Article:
Music from Terezín

Ilse Weber
Ich wandre durch Theresienstadt; Und der Regen rinnt; Wiegala
Karel Švenk
Terezín March
Emmerich Kálmán, arr.
Terezín Lied
Robert Dauber
Serenade for Piano and Violin
Viktor Ullmann
Beryozkele; Clere Venus; Immer inmiten
Erwin Schulhoff
Sonata No.2 for Violin and Piano
Two Songs for Violin and Piano
Drei Stimmungsbilder
Sonata for solo Violin
Pavel Haas
Suite for Piano, Op.13/2
Sedm písní v lidovém tónu, Op.18 [Seven Songs in Folk Style; selection]
Karel Berman
Reminiscences Suite [selection]
Bach
Sonata in C minor for Violin and Continuo, BWV1017 [first movement]
Carlo Sigmund Taube
Ein Jüdisches Kind

Anne Sofie von Otter (soprano), Daniel Hope (violin), Bengt Forsberg (piano) & Bebe Risenfors (accordion, guitar and bass)


Reviewed by: Anne Ozorio

Reviewed: 30 September, 2009
Venue: Southbank Centre, London – Queen Elizabeth Hall

This concert was an act of passionate commitment. Theresienstadt, often referred to as Terezín, was a Concentration Camp. Most of the prisoners were transported to Auschwitz-Birkenau for execution, and included some of the composers whose music was heard during this recital.


Why would people write and perform music in the face of death? As Viktor Ullmann wrote: “We did not simply sit down by the rivers of Babylon and weep but evinced a desire to produce art that was entirely commensurate with our will to live”. Most of the music heard here is not known outside of specialist circles, but what lifts it out of the ordinary is the human saga behind it.

Anne Sofie von Otter, Bengt Forsberg and Daniel Hope endured that the people behind the music came alive.

Ilse Weber’s music is charming, and touching, though not great art (though why should it have to be?). It is far more important to remember that she was a woman who volunteered to look after the many children in Terezín. When they were shipped off to Auschwitz-Birkenau she chose to go with them so they would not be alone. She was a mother herself, and had sent one of her sons away to safety. In “Und der Regen rinnt” she wonders how her child so far away is coping. The song is simple, but Otter’s intimate delivery lifted it beyond its limited musicality.


Karel Švenk’s “Všechno jde!” is known as the ‘Terezín March’ because it was sung so often. It is jolly, with a cheerful refrain (“Hey, life begins tomorrow”). The melody is simple and reinforced by accordion. Beforehand, Hope read the poem in English and emphasised the bitter irony in the words beneath the insouciant melody. There are references to the “thirty words” the prisoners were allowed to write in letters, and the final line is a stab in the heart: “At the ruins of the ghetto we will laugh.”


Popular music figured heavily in Terezín, singing songs from a happier past helped people remember better times. Thus, Emmerich Kálmán’s famous tune from the operetta “Gräfin Martiza” is transformed. The escapist ditty becomes a form of escape. The anonymous poet knows there is no way out but death, and as long as people sing his song, he will not be forgotten.


Many professional musicians were interned too, so some Terezín music is sophisticated, such as Richard Dauber’s Serenade for Violin and Piano. Composers like Ullmann, Schulhoff (a Communist, persecuted in Czechoslovakia after he escaped from Germany), Haas and Berman were already well-established with international reputations before World War II, and Hope and Forsberg released virtuosity from their music. Schulhoff’s Sonata for Violin and Piano, written in 1927, is an inventive piece in which piano and violin are just slightly out of step, generating taut energy – “We know we’re wrong when we are together”, quipped Hope. Far more ambitious was Schulhoff’s Sonata for Solo Violin, in which Hope’s technical excellence – he played the first two movements – served this music well.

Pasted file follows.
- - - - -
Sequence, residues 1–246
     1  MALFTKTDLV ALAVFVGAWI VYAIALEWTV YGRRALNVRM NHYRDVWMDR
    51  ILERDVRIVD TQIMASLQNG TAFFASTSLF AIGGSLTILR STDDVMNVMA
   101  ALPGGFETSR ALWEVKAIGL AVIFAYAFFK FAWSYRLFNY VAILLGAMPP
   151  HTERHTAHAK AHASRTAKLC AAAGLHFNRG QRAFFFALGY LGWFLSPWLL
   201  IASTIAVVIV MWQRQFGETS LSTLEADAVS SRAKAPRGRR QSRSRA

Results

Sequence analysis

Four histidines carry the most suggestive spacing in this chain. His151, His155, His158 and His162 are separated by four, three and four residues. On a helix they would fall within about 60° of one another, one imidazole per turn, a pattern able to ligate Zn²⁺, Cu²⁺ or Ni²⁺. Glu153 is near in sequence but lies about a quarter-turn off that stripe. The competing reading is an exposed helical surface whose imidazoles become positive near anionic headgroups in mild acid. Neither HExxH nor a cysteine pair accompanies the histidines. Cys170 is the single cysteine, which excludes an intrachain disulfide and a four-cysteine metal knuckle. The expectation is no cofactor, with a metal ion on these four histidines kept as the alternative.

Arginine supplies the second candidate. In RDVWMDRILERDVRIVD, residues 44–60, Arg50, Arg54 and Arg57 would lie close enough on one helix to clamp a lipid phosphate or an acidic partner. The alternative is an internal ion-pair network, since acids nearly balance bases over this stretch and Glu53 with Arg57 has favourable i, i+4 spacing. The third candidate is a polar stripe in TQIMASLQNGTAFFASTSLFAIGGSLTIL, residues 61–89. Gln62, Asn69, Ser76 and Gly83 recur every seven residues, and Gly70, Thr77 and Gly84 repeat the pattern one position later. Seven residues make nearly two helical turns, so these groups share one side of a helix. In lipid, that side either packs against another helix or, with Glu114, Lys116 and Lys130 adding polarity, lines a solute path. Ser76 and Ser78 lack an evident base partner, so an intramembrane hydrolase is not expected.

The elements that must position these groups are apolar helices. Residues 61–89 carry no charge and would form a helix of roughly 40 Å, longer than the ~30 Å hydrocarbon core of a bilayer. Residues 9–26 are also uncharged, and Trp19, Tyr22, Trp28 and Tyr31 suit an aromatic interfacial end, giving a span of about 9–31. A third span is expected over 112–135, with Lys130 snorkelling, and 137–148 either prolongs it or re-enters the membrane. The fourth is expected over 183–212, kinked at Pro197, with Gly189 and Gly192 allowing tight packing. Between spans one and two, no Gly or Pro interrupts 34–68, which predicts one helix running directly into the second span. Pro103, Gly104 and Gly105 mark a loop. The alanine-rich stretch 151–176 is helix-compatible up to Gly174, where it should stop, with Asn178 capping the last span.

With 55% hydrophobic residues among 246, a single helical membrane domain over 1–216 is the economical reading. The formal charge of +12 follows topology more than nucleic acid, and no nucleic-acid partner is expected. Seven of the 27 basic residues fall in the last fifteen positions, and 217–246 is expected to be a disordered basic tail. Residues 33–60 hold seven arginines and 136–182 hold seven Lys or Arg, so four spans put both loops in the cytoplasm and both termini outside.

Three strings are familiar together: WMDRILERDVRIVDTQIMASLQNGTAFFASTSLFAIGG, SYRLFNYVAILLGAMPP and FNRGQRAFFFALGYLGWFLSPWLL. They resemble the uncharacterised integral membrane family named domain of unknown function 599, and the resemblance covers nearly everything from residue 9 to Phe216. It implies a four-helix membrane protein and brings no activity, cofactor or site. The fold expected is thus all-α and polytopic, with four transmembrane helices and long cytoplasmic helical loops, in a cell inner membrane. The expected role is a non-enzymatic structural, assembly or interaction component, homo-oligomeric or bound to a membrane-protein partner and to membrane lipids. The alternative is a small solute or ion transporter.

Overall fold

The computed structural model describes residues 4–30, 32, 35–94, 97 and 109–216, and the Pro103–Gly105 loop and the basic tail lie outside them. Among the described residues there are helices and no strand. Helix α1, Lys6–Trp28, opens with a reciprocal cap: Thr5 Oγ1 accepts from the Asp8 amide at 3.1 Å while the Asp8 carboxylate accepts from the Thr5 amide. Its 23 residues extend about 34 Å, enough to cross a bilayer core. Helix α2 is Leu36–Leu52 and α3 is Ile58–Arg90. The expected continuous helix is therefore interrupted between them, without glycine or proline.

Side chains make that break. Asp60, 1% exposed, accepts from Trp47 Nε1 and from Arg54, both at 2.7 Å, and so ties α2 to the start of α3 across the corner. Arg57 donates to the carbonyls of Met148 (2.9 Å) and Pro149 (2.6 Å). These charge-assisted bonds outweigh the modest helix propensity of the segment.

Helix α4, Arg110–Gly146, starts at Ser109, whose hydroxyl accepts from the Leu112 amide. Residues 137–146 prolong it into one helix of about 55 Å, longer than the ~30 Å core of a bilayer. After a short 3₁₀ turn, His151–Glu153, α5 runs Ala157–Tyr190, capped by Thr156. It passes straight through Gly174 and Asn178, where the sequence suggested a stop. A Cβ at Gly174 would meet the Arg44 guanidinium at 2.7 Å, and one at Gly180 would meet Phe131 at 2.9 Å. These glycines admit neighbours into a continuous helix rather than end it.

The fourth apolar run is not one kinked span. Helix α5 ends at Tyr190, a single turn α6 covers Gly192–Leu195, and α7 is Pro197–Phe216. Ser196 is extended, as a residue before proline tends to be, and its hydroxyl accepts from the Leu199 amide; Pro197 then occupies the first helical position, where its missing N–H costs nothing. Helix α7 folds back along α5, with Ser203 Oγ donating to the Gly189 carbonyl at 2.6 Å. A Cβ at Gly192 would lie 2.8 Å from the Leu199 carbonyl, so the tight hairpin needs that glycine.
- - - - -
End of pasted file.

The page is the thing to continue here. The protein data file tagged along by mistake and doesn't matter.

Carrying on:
Forsberg has played with Otter for many years. Berman’s “Reminiscences Suite” consists of pieces written between 1938 and 1945; four of the eight were played here. Few big-name pianists have this very dark work in their repertoire, but Forsberg showed just how persuasive these impressionistic miniatures are. The titles are horrific but Berman’s quiet response speaks of far greater sorrow than exaggerated excess, and Forsberg’s playing was incredibly moving.


Otter has long been a pioneer of unusual but important repertoire. It was she and Forsberg who spearheaded the new wave of interest in Scandinavian song in the 1980s, with her Grieg recordings being quite exceptional. She has also brought Stenhammer, Rangström and others into the mainstream, enriching the Art-song repertoire. Yet she has also had a feeling for music that bridges genres – her singing of Swedish Tango songs is full of exuberant panache – and it showed in the dignity she gave to the Ilse Weber songs. She was at her best in the lovely Ullmann and Haas songs, not least “Immer inmitten” by Ullmann to poems by his friend H. G. Adler (who saved the manuscripts when Ullmann was taken away to die). Bebe Risenfors was good support, playing accordion, guitar and bass with fluent ease.


Even more beautiful was “Beryozkele” in which Otter’s voice floated ethereally, her high tessitura exquisitely suited to this elusive song, its dark meaning concealed by the lyrical melody. For the Pavel Haas songs, she was able to use her talent for comedy, too. The “Seven Songs in Folk Style” are vignettes with distinctive individual character, and were made vivid with her expressive singing and body language. A peasant girl brags about her butch boyfriend who disposes of people he does not like, so Otter made the girl sound fierce, kicking one leg to emphasise the words. There was also mystery: the second song is about a pearl necklace found discarded on a bridge, and Otter’s voice softened to a whisper, holding the silence.



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